The polarizing political climate appears to be serving as an impetus for some firms to take socially responsible investing more seriously.  At today’s Impact Investing conference hosted by The Economist in NYC, Audrey Choi, Chief Executive of Morgan Stanley’s Institute for Sustainable Investing, said there is research that shows that 70% of investors want to align their investments with their values.

Not surprisingly millennials are interested in impact investing. Audrey Choi also referenced research that that millennials are two times as likely to buy or divest stocks based on their personal beliefs.

Most speakers throughout the day were aligned in that they wanted to see impact investing become more than just a sleeve of an investor’s portfolio; impact investing should be mainstream as suggested by the full name of the conference, “Impact Investing: Mainstreaming purpose driven finance.”  Jackie VanderBurg, Managing Director and Investment Strategist of US Trust and co-author of “Gender Lens Investing: Uncovering Opportunities for Growth, Returns and Impact,” explained that gender lens investing, like other responsible investing should not operate in a silo.

Another common theme throughout the conference was that impact investing is smart investing. Understanding sustainability and opening one’s eyes to the different geo-political risks that face our world, is wise and exposes a company to less risk. For example, Audrey Choi, shared a statistic from the Sustainability Accounting Standards Board (SASB), which found that 93% of companies stand to be impacted by climate change or the need to defend against it, but only 12% of companies are disclosing the risk.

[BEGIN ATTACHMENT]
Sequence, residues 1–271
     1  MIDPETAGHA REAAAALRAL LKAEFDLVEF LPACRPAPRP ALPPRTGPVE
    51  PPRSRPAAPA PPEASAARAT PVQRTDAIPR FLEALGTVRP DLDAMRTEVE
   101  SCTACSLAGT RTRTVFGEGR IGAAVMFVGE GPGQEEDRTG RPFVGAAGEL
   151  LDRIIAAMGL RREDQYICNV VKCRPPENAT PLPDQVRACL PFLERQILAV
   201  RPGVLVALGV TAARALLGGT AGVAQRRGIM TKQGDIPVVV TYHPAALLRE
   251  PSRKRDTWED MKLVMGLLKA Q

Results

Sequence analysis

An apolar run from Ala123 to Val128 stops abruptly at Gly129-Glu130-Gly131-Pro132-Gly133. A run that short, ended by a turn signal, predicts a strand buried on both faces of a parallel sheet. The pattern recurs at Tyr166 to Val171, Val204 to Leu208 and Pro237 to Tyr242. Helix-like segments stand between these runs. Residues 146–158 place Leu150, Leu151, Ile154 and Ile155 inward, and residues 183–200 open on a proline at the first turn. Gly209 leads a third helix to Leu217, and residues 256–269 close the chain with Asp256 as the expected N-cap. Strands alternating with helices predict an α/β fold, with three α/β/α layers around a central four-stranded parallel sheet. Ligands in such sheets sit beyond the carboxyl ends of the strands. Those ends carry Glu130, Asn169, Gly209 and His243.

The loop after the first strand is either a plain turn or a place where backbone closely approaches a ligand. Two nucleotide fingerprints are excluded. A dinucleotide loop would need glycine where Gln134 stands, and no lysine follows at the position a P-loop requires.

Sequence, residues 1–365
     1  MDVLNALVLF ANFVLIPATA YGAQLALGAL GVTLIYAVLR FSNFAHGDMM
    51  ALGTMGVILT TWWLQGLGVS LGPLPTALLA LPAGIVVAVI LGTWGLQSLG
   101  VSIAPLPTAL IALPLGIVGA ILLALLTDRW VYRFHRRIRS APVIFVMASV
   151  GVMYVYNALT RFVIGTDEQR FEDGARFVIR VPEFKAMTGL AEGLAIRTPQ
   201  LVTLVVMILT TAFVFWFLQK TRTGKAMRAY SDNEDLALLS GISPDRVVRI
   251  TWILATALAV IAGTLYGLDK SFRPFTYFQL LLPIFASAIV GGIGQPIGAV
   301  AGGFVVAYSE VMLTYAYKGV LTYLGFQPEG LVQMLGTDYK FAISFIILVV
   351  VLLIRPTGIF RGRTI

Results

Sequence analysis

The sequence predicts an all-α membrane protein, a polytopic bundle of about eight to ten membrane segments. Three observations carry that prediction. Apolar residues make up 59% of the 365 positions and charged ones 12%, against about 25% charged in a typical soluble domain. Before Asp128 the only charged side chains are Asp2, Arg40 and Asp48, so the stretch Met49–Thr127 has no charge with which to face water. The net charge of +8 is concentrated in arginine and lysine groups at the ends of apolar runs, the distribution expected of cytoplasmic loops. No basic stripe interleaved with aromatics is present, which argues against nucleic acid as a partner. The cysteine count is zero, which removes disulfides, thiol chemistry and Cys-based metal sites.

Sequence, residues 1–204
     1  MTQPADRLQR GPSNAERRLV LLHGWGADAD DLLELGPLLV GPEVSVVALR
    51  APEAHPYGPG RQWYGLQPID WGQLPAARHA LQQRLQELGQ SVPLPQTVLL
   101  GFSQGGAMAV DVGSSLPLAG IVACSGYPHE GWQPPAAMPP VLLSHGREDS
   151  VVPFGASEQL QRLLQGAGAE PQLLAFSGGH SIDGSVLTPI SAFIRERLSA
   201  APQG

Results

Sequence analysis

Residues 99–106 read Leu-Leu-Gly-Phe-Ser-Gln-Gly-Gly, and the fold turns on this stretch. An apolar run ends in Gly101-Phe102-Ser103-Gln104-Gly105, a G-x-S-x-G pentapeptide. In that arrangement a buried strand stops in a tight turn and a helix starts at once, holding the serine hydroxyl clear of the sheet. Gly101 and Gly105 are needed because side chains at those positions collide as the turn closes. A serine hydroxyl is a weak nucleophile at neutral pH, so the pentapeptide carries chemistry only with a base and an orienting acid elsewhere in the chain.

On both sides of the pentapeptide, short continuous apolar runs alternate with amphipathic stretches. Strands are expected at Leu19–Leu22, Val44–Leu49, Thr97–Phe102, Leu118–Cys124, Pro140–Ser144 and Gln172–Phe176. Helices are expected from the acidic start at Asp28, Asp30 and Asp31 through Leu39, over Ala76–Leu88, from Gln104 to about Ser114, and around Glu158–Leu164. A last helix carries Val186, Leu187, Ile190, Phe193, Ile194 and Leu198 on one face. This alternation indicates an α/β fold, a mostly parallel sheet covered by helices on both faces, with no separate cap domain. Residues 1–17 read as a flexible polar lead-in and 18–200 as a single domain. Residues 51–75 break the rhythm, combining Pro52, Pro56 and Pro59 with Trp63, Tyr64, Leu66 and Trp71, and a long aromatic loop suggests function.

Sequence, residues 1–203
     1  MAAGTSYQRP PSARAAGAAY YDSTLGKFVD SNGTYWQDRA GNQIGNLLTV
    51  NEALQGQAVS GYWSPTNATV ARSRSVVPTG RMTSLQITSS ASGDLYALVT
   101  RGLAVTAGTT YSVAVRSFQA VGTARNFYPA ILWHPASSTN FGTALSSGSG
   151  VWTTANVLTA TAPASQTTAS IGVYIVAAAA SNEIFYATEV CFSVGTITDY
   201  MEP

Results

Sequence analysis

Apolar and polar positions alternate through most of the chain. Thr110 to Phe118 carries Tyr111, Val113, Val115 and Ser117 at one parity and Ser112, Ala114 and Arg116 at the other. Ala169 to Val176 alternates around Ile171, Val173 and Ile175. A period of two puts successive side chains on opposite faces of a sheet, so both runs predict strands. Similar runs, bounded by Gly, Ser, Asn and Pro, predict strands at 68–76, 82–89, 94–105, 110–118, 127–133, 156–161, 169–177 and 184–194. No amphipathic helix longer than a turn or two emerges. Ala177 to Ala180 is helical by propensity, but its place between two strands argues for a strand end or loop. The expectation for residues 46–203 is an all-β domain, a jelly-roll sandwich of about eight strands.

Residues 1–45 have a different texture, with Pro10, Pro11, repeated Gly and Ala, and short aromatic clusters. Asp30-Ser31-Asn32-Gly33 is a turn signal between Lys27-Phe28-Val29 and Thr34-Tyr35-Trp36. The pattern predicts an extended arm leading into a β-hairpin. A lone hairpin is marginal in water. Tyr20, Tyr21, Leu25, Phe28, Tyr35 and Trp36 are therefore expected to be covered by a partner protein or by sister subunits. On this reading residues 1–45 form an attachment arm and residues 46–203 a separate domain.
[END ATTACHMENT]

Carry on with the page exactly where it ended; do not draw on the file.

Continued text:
A roadblock in the world of socially responsible investing is proving to investors that they do not have to compromise return when investing according to their beliefs.  As Jackie VanderBurg said in reference to gender lens investing, “Gender lens investing is not small, soft and pink. It is smart investing. Gender lens investing is the deliberate, intentional integration of gender-based data into financial analysis with the expectation of finding additional opportunities and mitigating risk”.  Money managers and personal investors must apply the same rigorous process to impact investments as they would with any type of investment. 

Joshua Levin, co-founder and Chief Strategy Officer of OpenInvest, a robo-advisory that permits clients to choose investments supported by their personal beliefs, brought up another challenge: intermediaries. He gave the example that when people first started out investing, people invested to have an impact; that impact may have been to start a factory or own part of a company to influence a company’s decisions. Now with so many intermediaries, investors no longer think of investments as having an impact. Now people invest for diversification.  With a platform like OpenInvest, people can have an impact by choosing not to invest in a company if the company is not aligned with their personal beliefs.